MB: Is that something that’s evolved now that you’re in your fourth year? We all know the story, that you came in as a defensive end and were changed to a fullback. Is that something that year-by-year [offensive coordinator] Greg Roman as well as [runningbacks coach] Tom Rathman have given you more of those responsibilities as they’ve seen you develop?
BM: I think at first you bring a defender in and tell him to run and catch the ball, it doesn’t always work out good. So I think that I felt I built confidence in them and Kap that if they throw me the ball I’ll be able to catch it, and then most importantly, take care of it and not give it away to the defense. I think it was the building of the trust between everyone.
[Eric Reid walks in at this point and sits down in the room. Miller informs him he was late. I’m relieved.]
MB: You’re in your fourth year, and a lot of time it’s said that the third and fourth years in the NFL is when it clicks for a player. Has it clicked for you or what do you need to improve?
BM: I just try to attack the day, the same everyday, as to get better, build, grow in the position. Whatever they ask me to do. They ask me to do different things all the time, so I’m continuously trying to grow into the player that they want me to be. I don’t think it’s clicked. I think we still a long ways to go and can still get a lot better.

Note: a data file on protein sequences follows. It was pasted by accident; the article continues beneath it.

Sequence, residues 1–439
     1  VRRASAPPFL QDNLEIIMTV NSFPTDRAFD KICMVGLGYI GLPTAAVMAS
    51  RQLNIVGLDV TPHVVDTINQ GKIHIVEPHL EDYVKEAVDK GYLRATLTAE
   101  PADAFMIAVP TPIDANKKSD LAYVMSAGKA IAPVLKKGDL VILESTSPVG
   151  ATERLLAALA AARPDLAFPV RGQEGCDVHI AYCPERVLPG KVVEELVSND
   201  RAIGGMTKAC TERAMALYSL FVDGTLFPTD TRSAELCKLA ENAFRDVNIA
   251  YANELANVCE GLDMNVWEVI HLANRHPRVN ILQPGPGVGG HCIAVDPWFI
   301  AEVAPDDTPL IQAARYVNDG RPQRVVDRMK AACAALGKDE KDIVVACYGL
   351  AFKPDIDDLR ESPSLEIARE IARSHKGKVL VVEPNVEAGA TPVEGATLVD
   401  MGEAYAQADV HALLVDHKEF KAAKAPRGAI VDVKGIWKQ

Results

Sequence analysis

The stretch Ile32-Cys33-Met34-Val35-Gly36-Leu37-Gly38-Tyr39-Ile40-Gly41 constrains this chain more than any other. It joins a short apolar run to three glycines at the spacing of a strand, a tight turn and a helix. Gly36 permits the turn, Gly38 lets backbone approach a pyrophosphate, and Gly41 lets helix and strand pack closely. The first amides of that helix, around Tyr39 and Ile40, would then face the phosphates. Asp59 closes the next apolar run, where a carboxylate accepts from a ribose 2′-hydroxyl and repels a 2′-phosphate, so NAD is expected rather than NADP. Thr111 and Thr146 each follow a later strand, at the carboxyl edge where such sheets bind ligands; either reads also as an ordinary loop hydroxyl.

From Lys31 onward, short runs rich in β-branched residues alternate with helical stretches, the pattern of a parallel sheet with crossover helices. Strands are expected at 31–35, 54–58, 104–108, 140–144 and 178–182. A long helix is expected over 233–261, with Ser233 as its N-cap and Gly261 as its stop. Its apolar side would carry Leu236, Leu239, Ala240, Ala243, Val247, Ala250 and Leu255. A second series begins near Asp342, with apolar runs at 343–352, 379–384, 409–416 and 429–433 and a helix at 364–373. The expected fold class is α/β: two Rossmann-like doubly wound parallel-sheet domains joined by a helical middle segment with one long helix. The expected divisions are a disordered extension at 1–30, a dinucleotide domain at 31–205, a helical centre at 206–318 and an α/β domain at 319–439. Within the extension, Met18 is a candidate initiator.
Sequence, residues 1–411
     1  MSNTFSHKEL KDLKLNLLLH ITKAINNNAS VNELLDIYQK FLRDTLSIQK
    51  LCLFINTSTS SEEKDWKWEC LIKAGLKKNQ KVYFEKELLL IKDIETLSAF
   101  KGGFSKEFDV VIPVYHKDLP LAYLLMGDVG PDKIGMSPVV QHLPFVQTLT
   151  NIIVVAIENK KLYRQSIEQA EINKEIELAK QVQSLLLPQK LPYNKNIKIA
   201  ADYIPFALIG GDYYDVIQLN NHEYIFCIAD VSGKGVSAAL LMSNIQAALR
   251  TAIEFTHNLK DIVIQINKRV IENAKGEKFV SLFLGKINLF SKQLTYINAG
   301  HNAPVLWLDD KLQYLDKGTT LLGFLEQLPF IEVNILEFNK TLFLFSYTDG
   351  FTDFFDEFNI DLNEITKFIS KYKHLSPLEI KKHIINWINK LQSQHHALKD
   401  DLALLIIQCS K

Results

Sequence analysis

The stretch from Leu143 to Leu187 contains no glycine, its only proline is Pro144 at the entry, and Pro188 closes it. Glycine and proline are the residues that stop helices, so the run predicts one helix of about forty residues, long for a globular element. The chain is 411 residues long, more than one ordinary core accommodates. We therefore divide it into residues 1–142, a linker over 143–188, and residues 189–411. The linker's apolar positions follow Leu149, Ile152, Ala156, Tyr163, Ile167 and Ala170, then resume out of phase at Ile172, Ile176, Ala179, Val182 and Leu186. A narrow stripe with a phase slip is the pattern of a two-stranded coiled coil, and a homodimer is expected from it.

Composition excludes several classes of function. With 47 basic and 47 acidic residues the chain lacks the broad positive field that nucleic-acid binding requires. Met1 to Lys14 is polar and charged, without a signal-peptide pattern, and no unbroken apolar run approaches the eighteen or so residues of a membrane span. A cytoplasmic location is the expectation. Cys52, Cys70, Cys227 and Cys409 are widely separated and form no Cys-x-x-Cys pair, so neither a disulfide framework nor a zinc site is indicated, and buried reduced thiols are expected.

MB: Is it more about what you’re now and now what defenses are presenting?
BM: I think so. I think anytime that we execute and do the things that we’re supposed to do, it doesn’t matter what they show us we can get the job done and be successful.
MB: This year with this wide receiving corps, you’re in on more pass plays than you were at this time last year. How has that challenged you?
BM: Well, that’s a challenge for me. If there is one area I feel like I need to grow more it’s in pass protection. That’s one area where Frank comes in as being one of the best in the league, just watching from him and learn. With those weapons we have outside we have to be able to protect Kap and give him time to throw the football.
MB: Your head coach also said, if you can’t get along with Bruce Miller, there is something wrong with you. You’re probably known as the happiest and nicest guy….
BM: Besides Eric.
MB: Yes, besides Eric. Where does that come from?
BM: Ever since I was little being around sports and football, I’ve grown to love the team aspect of it. I love playing the game. But the guys that we have around, the coaches, the guys that I work with, make it fun. So I’m always in a great mood.
MB: I read an article recently on Derek Jeter in which he said he does not address the negativity. Do you need to do that or can you handle whatever is there?
BM: You have to. Football is very tough mentally and physically so you have to be able to switch some things around and take positives from it. You’re not always going to perform the way that you want to, but you can take those things and switch them and make them into positives and learn from them.
MB: How’s Eric on the ping pong table?
BM: Not very good. (laughs)